Apartments and attached housing lead decline as Calgary home sales drop for 21st straight month

While Calgary home sales were down year-over-year for a 21st consecutive month in August, with the biggest pains felt in the condo apartment and attached categories, according to the latest report from the Calgary Real Estate Board.

Overall, home sales were down 4.6 per cent from August 2015, while the number of new and active listings climbed. Sales of detached sales were down just 1.4 per cent, while apartment sales dropped five per cent and attached sales were down 12.8 per cent.

“While overall sales have eased for detached homes, so too has the amount of new listings on the market preventing inventories from reaching previous highs and limiting the downward pressure on pricing,” said Ann-Marie Lurie, CREB’s chief economist, in the report.  “This is not the case in both the attached and apartment sectors which have recorded inventory levels near August highs.”

The benchmark price in Calgary — the price for a typical home in the city — was down 4.2 per cent overall, but again the increases were larger in the apartment and attached sectors, which were down 7.1 per cent and 4.7 per cent, respectively.

CREB’s report attributed that decline to a “more pronounced imbalance between supply and demand” in the apartment sector.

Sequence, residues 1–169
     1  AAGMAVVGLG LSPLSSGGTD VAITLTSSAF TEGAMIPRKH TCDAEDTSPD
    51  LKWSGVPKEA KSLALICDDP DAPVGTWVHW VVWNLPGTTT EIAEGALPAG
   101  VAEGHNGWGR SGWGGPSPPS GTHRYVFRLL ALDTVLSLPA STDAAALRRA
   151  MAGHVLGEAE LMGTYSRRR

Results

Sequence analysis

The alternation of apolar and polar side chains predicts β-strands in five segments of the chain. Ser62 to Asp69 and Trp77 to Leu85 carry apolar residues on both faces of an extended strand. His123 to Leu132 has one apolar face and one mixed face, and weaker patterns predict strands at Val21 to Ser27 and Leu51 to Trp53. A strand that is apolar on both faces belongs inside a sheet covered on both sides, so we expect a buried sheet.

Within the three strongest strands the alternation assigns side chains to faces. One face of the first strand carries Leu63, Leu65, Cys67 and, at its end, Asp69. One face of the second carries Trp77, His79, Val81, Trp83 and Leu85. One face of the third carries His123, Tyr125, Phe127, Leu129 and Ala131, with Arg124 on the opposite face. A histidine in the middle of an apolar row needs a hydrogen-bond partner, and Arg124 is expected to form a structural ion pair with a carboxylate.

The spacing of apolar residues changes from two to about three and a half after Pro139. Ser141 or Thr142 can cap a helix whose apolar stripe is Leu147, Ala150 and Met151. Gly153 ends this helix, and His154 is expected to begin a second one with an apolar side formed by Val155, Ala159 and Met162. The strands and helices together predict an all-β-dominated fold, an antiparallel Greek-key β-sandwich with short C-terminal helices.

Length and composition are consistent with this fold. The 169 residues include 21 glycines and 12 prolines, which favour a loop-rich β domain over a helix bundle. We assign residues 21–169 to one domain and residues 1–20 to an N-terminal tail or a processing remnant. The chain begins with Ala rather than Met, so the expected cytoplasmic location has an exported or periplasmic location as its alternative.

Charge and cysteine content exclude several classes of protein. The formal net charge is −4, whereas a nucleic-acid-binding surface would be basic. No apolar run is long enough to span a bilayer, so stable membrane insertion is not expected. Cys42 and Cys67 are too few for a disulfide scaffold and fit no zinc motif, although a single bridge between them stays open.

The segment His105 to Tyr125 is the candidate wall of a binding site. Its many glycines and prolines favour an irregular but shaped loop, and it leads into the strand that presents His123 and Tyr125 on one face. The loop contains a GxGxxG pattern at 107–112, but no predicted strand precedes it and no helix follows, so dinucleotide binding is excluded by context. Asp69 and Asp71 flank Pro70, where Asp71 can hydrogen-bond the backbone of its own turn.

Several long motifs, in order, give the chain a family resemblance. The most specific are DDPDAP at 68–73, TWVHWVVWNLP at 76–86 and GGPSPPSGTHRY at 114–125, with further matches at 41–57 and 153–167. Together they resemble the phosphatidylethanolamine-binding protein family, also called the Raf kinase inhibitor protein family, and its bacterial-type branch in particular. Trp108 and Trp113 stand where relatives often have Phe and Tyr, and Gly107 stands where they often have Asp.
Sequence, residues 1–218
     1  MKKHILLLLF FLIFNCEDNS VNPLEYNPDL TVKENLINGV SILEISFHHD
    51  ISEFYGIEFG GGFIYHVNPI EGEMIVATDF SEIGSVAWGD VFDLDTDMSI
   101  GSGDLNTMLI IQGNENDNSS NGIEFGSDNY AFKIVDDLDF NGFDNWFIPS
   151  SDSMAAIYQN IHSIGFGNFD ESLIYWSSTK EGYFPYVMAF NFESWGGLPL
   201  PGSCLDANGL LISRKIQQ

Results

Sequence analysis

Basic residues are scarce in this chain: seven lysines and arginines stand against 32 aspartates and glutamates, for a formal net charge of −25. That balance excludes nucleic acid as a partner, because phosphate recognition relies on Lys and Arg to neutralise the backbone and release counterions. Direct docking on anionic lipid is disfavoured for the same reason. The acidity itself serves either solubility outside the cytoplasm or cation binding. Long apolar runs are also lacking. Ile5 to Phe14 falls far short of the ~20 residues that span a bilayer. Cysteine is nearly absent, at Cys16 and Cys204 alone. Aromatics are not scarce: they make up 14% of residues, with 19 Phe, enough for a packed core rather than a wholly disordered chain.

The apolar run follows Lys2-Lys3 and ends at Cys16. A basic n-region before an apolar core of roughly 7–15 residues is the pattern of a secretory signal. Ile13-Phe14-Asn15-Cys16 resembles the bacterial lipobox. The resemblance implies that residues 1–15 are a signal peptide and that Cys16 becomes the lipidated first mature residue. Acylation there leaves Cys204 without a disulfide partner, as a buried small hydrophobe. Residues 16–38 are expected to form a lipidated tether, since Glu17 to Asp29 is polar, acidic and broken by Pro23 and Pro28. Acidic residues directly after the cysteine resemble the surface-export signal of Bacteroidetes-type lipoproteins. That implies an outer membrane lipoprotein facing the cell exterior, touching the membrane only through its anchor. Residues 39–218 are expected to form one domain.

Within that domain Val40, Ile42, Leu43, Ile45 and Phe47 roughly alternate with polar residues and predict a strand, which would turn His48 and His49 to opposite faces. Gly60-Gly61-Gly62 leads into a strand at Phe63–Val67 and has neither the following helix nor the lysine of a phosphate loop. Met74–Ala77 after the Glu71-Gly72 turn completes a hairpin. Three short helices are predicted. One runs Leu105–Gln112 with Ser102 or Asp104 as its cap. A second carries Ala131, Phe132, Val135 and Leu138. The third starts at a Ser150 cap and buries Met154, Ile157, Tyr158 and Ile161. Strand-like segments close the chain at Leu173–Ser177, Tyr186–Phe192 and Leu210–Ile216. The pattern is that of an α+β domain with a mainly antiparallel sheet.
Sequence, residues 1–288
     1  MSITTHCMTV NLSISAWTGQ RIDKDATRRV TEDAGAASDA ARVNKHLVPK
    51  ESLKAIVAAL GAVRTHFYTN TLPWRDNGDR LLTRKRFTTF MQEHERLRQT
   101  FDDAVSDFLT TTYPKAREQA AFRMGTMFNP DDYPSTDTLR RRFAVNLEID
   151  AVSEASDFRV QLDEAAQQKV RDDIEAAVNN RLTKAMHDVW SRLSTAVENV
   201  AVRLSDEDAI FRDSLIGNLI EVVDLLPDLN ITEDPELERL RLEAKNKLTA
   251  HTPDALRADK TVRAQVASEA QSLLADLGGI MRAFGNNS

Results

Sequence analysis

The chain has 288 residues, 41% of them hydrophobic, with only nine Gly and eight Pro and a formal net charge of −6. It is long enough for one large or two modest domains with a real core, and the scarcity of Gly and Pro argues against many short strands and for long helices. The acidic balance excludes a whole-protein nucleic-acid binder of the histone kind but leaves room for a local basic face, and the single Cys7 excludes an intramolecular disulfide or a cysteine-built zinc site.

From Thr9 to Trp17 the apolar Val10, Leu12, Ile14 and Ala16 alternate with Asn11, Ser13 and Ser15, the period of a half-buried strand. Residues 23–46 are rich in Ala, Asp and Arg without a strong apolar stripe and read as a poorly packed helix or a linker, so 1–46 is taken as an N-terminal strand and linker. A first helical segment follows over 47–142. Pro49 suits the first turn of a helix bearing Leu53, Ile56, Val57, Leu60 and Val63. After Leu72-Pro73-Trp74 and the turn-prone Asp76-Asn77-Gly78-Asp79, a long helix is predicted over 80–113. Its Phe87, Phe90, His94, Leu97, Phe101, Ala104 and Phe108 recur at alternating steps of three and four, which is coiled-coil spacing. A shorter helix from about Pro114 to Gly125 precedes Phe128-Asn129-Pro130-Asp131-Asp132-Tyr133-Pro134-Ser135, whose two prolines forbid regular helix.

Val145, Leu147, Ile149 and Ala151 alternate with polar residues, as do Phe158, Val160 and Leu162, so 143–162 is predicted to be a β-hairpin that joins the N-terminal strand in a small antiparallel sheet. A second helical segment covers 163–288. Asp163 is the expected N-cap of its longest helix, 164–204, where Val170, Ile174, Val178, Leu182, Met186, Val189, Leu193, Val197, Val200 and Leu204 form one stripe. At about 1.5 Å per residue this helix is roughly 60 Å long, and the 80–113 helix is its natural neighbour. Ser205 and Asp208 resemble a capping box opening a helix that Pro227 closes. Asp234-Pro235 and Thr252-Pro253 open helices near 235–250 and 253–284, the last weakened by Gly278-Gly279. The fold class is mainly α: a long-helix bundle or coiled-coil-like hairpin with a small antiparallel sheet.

Board president Cliff Stevenson said the variance in performance between the various segments of the market makes it “very difficult to use citywide housing data for decision making.”

“It is very important for both buyers and sellers to pay close attention to the data in their particular area, segment, and price point,” Stevenson said in the report.

While the city’s benchmark housing prices declined, average prices were up 1.3 per cent, likely reflecting an increase in the numbers sold at the high end of the market — 57 homes sold for $1 million or more last month, compared with 42 in August 2015.

There has been some speculation that the foreign buyer tax imposed in Vancouver and sky-high prices both there and in Toronto might lead to more interest in Calgary’s real estate market, but realtor Jim Sparrow says that he and the five realtors he works with have seen no sign of an increase.

He said many prospective buyers are waiting until they have more confidence that the price of oil and the economy are recovering.

“They’re like most other buyers right now. They’re very hesitant to jump in the market when they don’t have more confidence,” said Sparrow.

– with files from Ian Bickis of the Canadian Press

Calgary Herald - Published on: September 1, 2016 | Last Updated: September 1, 2016 12:24 PM MDT


Gary Glover

Gary Glover

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